Continuing Development Wars

Community Organizing Organizing WalMart WARN

  Austin        Austin still has the feel of a city on the bright side of the recession.  Unemployment has hardly hit 6%.   The airport is new and busy.  Developers are still trying to build and finish projects, and community fights against them are real and important.  
    I caught up with the fight to shrink a Wal-Mart proposal from 200,000 on down at Norcross in central Austin which has been engaged for some time.  Though the high-jinks in court has delayed the project, it did not produce a win, but even without winning the project is now on a slow negotiations where Wal-Mart has already shrunk down to 97,000 square feet.  Furthermore, Austin has a big box ordinance restricting at 100,000 feet now, so the issues are pretty set.
    The last time I was in Austin I met proponents of an initiative to block a $60,000,000 subsidy from the city to a development.  Our long time and erstwhile attorney, Doug Young, has been involved with all of these efforts.  His report this morning was hard to hear.  Delays and an expensive campaign had put the measure on the ballot last November where the City of Austin campaigned improbably on the slogan that a “deal was a deal,” no matter how stupid or expensive I suppose, and somehow in the confusion had managed to win the election by 52-48 when the balloting was complete.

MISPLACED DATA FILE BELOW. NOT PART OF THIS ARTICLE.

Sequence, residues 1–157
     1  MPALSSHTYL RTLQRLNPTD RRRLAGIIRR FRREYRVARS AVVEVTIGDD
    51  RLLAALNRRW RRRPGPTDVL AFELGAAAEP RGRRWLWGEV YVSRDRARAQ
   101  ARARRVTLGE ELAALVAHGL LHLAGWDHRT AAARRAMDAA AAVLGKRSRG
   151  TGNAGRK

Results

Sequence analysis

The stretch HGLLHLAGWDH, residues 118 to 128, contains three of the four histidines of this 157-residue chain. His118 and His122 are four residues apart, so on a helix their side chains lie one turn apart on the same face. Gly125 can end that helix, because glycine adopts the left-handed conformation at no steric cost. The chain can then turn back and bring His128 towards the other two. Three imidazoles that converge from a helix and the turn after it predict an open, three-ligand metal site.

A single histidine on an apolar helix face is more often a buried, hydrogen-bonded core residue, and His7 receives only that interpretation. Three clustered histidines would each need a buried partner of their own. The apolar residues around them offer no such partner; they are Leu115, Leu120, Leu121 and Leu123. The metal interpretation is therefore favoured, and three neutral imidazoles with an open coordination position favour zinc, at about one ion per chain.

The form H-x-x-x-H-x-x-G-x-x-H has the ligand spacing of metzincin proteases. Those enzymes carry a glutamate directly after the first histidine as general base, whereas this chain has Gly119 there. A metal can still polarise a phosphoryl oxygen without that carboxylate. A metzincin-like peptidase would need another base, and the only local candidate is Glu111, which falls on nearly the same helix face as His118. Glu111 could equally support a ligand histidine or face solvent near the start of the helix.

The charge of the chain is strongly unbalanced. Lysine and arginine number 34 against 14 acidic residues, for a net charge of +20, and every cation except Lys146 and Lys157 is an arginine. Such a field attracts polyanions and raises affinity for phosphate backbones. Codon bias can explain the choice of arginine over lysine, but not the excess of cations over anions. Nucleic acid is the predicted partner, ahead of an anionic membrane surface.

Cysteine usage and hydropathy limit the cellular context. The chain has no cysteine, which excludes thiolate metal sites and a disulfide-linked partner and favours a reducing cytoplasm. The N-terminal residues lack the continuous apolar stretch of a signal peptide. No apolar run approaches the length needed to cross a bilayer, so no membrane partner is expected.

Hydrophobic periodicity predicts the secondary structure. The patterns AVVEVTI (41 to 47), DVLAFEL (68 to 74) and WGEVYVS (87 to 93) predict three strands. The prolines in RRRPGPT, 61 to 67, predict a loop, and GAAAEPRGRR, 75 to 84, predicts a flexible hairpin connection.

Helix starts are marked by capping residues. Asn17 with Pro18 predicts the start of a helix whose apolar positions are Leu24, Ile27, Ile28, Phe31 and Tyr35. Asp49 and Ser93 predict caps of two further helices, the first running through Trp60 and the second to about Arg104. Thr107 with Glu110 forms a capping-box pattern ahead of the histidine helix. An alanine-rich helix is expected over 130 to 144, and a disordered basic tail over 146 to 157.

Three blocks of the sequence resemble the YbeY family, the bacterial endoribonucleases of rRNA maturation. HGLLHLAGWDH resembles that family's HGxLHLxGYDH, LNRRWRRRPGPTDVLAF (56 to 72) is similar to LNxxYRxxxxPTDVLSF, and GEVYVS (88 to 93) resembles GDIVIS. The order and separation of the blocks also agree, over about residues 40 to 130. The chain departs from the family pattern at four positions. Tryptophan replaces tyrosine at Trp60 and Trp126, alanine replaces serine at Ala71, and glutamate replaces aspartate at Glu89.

After a almost 2 years of drought conditions and little relief, the earlier Wal-Mart proposal to build on the aquifer was dead-on-arrival, but perhaps has led to the wink and nod on some of these other measures.  Environmental impacts around growth, water, and resources, could become bigger tools for fights in the future.
    Austin continues to have committed cadres of activists and community residents willing to fight for their neighborhoods and their sense of the value of the Austin community as something more than a “market” for whatever, so this city could still be a place worth watching on the fights to bring accountability to development and developers in the United States.